Halloween Houses

Taking the Spirit of the
Season to the Next Level

Story by Matthew St. Amand
Photography by Michael Pietrangelo

The hulking, misshapen shadow of Halloween looms at the end of October. As merrymakers get their costumes together and others buy candy to hand out, there are the hardcores among us who turn their homes into nightmare shrines for the season.

Windsor resident, Brad Brown, lets his creativity fly constructing his dark circus/carnival display at 311 Isack Drive, which is known as Twisted Circus.

“I created all of our props by hand,” Brad says. “I brought in the first moving prop last year. This year I have four different moving props.” 

Brad and his wife, Krista, have been doing the full display for the past five years. “Before that, the display was just on the porch,” Brad explains. “It spilled off the porch the following year, and it grew from there. It’s a hobby that I enjoy and work on all year round.” 

Brad’s clowns are his own creation. Visitors won’t find figures from popular movies amid the display.

“I have dabbled with zombies and monsters in years past,” Brad continues, “but I now stick to clowns—that’s what I have the most fun creating.”

The family’s sunroom is his work area and storage room.

“Some people are really freaked out by clowns,” says Krista Brown. “I have a close girlfriend who won’t even look at our stuff!” 

Visitors often ask Brad and Krista if they may photograph the display.

“Come and enjoy it!” Krista says. “We have done this so that kids and everyone can enjoy it. Take your pictures and videos.”

“Nighttime is the best time to view the display,” Brad adds. “After the sun goes down, that’s when everything comes to life!”

Todd Dunford’s Halloween display, St. Mary’s Cemetery, at 1015 St. Mary’s Boulevard began with a birthday gift to his wife.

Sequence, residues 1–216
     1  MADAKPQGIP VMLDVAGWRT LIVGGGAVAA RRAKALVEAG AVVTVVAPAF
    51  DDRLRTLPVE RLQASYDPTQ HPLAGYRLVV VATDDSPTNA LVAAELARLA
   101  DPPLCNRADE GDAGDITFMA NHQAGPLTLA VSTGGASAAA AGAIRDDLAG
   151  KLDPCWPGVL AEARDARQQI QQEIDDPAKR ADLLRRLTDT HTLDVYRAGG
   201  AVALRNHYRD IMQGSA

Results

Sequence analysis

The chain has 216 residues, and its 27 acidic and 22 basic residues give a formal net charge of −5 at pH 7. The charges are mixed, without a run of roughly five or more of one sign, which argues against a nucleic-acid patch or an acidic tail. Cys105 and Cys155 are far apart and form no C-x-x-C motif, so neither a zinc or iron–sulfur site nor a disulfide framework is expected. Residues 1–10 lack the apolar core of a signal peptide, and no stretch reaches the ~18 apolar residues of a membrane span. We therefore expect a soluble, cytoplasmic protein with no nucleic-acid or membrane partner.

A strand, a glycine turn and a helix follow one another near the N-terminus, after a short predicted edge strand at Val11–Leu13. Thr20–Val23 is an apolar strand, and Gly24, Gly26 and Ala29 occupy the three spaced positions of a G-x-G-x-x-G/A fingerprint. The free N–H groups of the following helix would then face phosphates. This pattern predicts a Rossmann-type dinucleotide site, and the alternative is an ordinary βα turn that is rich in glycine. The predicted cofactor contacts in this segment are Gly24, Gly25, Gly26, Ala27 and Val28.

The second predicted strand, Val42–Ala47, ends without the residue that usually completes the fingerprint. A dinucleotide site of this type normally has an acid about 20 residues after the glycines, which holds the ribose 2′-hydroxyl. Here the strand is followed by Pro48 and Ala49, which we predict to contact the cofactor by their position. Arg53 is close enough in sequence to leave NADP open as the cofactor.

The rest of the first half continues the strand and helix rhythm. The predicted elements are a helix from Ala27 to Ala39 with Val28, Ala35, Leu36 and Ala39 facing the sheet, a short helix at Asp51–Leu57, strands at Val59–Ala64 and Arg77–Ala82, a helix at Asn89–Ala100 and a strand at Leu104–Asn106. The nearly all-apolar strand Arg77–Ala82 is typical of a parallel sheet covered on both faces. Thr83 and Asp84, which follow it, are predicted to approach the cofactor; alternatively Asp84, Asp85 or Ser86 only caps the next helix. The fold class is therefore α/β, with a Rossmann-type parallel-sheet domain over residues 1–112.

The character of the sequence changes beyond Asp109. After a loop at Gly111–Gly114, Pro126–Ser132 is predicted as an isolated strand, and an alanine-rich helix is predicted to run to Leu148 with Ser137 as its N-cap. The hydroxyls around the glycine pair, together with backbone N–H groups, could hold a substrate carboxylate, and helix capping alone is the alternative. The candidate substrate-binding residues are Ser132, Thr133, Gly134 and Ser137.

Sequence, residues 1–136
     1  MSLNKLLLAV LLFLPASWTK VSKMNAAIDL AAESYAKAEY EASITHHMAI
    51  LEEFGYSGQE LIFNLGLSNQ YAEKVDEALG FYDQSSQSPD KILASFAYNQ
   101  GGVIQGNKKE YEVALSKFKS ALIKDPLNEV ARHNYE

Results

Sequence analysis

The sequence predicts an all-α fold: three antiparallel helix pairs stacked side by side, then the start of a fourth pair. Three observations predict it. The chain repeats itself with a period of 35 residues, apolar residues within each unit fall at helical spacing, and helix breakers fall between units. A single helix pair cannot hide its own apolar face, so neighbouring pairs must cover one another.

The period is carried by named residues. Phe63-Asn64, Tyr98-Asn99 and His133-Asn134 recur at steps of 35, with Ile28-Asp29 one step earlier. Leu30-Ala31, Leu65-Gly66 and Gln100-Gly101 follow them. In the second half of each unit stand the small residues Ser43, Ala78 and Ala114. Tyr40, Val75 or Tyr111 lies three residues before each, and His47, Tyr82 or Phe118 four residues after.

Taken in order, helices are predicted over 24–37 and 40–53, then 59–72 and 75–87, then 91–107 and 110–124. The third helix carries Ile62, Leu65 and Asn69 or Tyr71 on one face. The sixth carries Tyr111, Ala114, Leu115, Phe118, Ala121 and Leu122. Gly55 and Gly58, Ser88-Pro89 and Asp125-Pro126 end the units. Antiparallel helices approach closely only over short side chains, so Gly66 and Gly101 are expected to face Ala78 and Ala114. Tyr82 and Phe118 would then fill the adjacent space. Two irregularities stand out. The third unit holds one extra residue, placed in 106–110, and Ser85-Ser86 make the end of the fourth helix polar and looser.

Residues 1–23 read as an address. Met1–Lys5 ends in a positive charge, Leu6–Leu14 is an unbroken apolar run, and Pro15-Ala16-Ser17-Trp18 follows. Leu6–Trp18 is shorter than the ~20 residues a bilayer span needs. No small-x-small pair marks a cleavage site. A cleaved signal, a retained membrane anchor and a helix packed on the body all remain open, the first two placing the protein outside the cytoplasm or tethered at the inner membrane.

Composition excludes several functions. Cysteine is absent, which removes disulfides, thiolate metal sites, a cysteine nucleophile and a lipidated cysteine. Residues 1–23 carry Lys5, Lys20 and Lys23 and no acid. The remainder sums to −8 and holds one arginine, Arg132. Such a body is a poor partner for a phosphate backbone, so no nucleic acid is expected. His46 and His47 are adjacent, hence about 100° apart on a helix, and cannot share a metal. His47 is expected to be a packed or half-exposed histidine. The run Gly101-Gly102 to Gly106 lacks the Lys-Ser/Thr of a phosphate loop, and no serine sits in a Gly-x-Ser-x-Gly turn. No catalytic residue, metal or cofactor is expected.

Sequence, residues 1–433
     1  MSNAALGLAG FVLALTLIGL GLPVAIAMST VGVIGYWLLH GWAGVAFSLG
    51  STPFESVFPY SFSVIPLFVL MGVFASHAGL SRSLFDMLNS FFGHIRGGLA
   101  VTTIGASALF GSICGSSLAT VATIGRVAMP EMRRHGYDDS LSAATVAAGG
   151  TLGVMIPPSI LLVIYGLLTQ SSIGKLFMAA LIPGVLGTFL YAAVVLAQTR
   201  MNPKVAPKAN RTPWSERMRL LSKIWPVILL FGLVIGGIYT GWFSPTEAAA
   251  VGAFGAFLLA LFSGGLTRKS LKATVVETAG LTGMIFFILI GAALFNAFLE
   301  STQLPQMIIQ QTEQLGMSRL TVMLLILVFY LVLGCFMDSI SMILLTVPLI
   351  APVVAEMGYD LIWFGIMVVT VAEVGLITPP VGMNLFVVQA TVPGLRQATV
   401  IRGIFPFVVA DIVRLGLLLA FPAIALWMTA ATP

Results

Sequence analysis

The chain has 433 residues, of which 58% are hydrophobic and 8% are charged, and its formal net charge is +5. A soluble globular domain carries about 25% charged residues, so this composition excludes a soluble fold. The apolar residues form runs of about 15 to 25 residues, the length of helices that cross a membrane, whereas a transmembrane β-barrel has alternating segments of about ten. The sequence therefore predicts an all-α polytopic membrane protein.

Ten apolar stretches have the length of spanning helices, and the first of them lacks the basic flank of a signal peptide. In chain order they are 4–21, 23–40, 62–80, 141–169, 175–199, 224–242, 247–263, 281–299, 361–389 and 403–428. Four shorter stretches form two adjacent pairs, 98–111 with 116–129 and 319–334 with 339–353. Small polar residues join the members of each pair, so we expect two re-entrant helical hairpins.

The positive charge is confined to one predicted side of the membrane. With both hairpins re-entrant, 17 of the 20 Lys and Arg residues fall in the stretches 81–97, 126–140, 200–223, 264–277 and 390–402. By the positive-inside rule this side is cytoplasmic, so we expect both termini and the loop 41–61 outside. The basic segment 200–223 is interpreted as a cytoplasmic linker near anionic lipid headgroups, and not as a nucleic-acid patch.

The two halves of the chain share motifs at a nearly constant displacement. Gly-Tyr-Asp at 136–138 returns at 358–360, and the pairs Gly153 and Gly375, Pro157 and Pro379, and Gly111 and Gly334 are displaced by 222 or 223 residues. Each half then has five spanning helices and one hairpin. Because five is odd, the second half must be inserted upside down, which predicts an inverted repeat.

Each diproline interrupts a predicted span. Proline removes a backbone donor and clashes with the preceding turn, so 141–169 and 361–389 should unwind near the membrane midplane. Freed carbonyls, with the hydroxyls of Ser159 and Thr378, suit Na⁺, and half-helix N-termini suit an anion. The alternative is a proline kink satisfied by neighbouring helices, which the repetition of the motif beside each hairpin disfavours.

“I bought a portable car port for my wife’s birthday a few years ago,” Todd explains. 

“And one of the first things he said to me,” his wife, Nancy McDowell-Dunford interjects, “is ‘Nance, we could turn this into a Tunnel of Terror!’ for Halloween!” 

Nancy has always loved Halloween, and it didn’t take much convincing to incorporate the portable car port into their ever-growing annual display. 

“Every season, I stood back and looked at our decorations seeing the possibilities of doing something more,” Todd continues. “Every year, I have to make something new or buy an animatronic or I’ll watch a horror movie and get ideas. We sit in the back and hear the squeals of people going through the maze. They come back to see what’s new.”

“This is our fourth year at this size,” Nancy says.

The display is now comprised of a 200-foot-long maze visitors can walk through, which ends up in the garage which Todd and Nancy convert into a mad scientist’s laboratory. Last year more than 1,300 people visited the display on Halloween night, alone.

There is no admission fee but Todd and Nancy accept non-perishable food items as well as toiletries, hats and scarves with which they create care packages and distribute to people in need. 

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